Wes Vernon
The Republican convention (from Tampa: last call for America)
By Wes Vernon
August 30, 2012

The Republicans were thrown a bit off their stride by having to skip the first night of their convention on Monday, thanks to Tropical Storm/Hurricane Isaac. But once they got going, their revised orchestration was on the proverbial roll.

Ann Romney stole the show on the first night of the 40th Republican National convention. She gave us a good look into the human side of Mitt Romney, his role as a husband as a father, and her role as his partner.

The keynoter, Governor Chris Christie, did exactly what is expected of one who assumes that assignment: firing up the troops. Except that by the standards previously set by the New Jersey chief executive, it was relatively mild, notwithstanding such zingers as, "Mr. President, leaders don't follow polls; leaders change polls."


And who is this president that has belittled the country whose voters bestowed upon him their highest honor? Well, Barack Obama, of course. Then why did we not hear the name of the president at any point in the keynote address of the Republican convention?

There seems to be a suspicion that the word was passed: keep the very name of "Obama" to a minimum. What? Say it isn't so. If we're going to urge Americans to defeat the President of the United States, shouldn't we hear mention of his name in the keynote address of the opposition party?

OK, so everybody knows the president's name. But we believe it would be like the GOP establishment, often afraid of its own shadow, to caution speakers to remember that the "moderates" and people "in the middle" don't like to hear Republicans or conservatives criticize Democrats by name.

Oooooooh! That will offend their tender ears, you can hear them saying. Of course, if Democrats and liberals compare President George W. Bush to Hitler, the GOP masochists accept that as just something we have to endure. That is our destiny. (Sigh!)

So why?

Why would the "mouth" that normally roars Jersey-style withhold mention of Barack Obama's name? Surely the governor of the Garden State did not land a star speaking assignment by holding anything back.

Governor Christie certainly is not the least bit bashful in calling out Democrat Frank Lautenberg, New Jersey's senior senator with whom he often feuds. And teachers union members in his state who march into a public forum to tell the governor he has treaded on sacred ground by denying them their expected pay raise are lucky to leave with their dignity intact after the "Moderate with a Mouth" (that's meant as a compliment) gives them a mouthful of advice as to how the millions of Jersey taxpayers — yes, those people — are deserving of some consideration too.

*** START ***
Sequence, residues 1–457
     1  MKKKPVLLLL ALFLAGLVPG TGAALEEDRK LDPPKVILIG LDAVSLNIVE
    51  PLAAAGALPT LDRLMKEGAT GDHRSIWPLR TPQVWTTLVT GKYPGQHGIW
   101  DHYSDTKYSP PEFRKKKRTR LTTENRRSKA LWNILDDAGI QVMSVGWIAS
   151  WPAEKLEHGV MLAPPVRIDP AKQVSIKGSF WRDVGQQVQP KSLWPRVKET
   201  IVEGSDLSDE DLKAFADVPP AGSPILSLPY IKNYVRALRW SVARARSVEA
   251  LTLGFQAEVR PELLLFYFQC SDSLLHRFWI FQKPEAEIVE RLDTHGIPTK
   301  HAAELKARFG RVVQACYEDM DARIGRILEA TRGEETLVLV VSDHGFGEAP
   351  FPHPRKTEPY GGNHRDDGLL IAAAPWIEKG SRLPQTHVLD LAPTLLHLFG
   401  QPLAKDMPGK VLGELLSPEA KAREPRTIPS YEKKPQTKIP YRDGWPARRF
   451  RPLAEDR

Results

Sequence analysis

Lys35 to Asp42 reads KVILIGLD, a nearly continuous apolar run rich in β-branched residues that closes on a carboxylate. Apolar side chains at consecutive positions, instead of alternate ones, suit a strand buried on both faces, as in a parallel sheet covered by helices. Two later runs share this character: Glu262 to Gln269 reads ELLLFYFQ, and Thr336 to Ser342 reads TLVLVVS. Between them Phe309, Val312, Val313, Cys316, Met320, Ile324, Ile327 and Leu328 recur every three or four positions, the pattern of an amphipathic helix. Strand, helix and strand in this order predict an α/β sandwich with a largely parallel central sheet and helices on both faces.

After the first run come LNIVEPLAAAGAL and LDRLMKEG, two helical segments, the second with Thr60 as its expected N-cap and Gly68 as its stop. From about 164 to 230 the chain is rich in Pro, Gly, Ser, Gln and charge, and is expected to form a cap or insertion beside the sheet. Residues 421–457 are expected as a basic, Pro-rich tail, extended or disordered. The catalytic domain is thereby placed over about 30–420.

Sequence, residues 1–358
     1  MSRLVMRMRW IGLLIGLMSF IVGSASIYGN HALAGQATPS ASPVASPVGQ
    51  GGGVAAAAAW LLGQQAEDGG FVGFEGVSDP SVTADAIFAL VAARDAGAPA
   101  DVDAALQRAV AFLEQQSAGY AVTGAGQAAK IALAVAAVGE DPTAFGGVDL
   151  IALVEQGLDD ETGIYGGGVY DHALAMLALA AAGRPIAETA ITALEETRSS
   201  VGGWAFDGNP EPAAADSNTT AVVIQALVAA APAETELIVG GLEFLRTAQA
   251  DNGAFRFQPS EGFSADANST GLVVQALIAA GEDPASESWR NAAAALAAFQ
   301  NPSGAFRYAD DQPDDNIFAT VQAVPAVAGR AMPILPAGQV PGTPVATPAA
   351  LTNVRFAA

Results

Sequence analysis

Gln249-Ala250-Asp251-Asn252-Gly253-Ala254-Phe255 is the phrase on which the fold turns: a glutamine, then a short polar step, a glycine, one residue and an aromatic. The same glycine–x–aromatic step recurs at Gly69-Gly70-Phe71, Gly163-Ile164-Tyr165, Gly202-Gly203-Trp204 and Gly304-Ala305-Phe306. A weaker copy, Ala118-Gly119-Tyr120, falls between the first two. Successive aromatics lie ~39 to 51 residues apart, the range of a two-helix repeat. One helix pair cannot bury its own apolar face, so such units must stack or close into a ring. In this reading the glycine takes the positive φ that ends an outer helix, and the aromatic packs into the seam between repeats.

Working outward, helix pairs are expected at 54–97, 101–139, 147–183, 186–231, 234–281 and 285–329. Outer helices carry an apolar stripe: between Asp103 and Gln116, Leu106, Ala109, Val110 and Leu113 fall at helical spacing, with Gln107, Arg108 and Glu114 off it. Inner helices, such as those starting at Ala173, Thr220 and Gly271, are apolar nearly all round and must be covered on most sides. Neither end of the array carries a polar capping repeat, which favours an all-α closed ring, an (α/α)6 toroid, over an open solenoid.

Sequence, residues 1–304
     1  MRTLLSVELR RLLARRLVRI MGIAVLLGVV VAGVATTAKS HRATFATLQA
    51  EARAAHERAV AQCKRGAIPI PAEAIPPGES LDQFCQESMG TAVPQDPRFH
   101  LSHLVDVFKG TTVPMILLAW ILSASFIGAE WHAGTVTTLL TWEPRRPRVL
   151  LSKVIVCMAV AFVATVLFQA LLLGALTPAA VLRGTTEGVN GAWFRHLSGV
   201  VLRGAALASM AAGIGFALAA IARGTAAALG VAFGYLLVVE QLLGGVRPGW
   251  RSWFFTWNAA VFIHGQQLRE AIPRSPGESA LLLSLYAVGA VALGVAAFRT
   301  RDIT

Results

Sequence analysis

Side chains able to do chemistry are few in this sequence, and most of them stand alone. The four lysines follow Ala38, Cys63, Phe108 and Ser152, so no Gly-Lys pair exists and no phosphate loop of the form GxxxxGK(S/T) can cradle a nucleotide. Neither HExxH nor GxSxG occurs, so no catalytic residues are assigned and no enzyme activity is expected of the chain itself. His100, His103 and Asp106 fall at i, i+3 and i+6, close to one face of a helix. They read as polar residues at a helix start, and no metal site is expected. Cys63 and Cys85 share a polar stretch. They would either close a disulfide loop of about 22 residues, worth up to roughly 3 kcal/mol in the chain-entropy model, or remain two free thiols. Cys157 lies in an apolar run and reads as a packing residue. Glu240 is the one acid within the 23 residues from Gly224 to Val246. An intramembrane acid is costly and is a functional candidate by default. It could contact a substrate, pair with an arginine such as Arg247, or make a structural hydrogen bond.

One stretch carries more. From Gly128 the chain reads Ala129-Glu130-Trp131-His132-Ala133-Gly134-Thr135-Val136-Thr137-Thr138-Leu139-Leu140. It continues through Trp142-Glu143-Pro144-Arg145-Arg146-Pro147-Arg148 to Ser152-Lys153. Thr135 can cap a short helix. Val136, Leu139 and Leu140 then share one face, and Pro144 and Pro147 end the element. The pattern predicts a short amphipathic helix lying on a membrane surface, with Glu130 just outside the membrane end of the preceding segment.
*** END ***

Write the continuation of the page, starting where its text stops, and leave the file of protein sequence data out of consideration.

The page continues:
An explanation

Next day, Governor Christie visited the Utah delegation, and said he had decided he would not "absolutely tear the hide off the president." The reason? "Because I believe he is irrelevant because he made himself irrelevant." Instead, the governor chose to focus on the differences between the two parties.

"I've never seen a president like that who has so abdicated his responsibility to be a national leader," he added. Further, Governor Christie knew President Obama was watching the speech "because he's the thinnest-skinned politician in America."


If there had in fact been word from on high not to mention Barack Obama's name, apparently it was called off by Wednesday, because President Obama was explicitly identified throughout by the speakers at what turned out to be the convention's second night.

Even the usually mild-mannered Tim Pawlenty, former governor of Minnesota, urged the man in the White house not to despair because" a lot of people fail at their first jobs."

Though former Arkansas Governor Mike Huckabee, New Mexico's new Governor Susana Martinez, and former Secretary of State Condoleezza Rice had much to contribute, they cumulatively served as the prelude to the star of the evening, Congressman Paul Ryan of Wisconsin, the Vice Presidential nominee.

Obama on the attack

It's obvious what the Romney campaign saw in the seven-term 40-year old lawmaker. He has a natural disposition that enables him to castigate his opponent while maintaining an earnest manner that mixes with humor — a talent that is rare even in the best of politicians. He comes off as serious and very knowledgeable, but not threatening.

In advance of Ryan's appearance, the Obama campaign sent out a statement describing the congressman as "fiercely, harshly anti-female."

That name-calling was smashed to smithereens as Mr. Ryan referenced his mother who had been widowed at age 50, had to go to work, take a 40-mile bus commute, and then ultimately succeeded on her own. And "she did build that," he added.

"My mom is my inspiration," Congressman Ryan declared to a sustained roar of crowd approval, encouraging his mother Betty to acknowledge the boisterous accolade.

The GOP's veep candidate put the Dems on notice that their usual demagoguery on the proposed changes in the bankrupt-bound Medicare program will not work this time around. (Those changes would not affect anyone 55 and over.)

America, he said, will not settle for a program where "everything is free but us." (This column will have more to say about that in future installments of our ongoing series 2012: America's last free election?)

As for Mr. Obama's assertion that if you have a business, "you didn't build that," Governor Martinez pointed to the approaching $16 trillion debt and said "You did build that." Congressman Ryan added that while the debt had started to climb before the Obama administration arrived, the president had done nothing to stop it, and in fact exacerbated it.

Again on Medicare, the would-be Vice President Paul Ryan says, "We welcome this debate. We want this debate. We will win this debate."

© Wes Vernon


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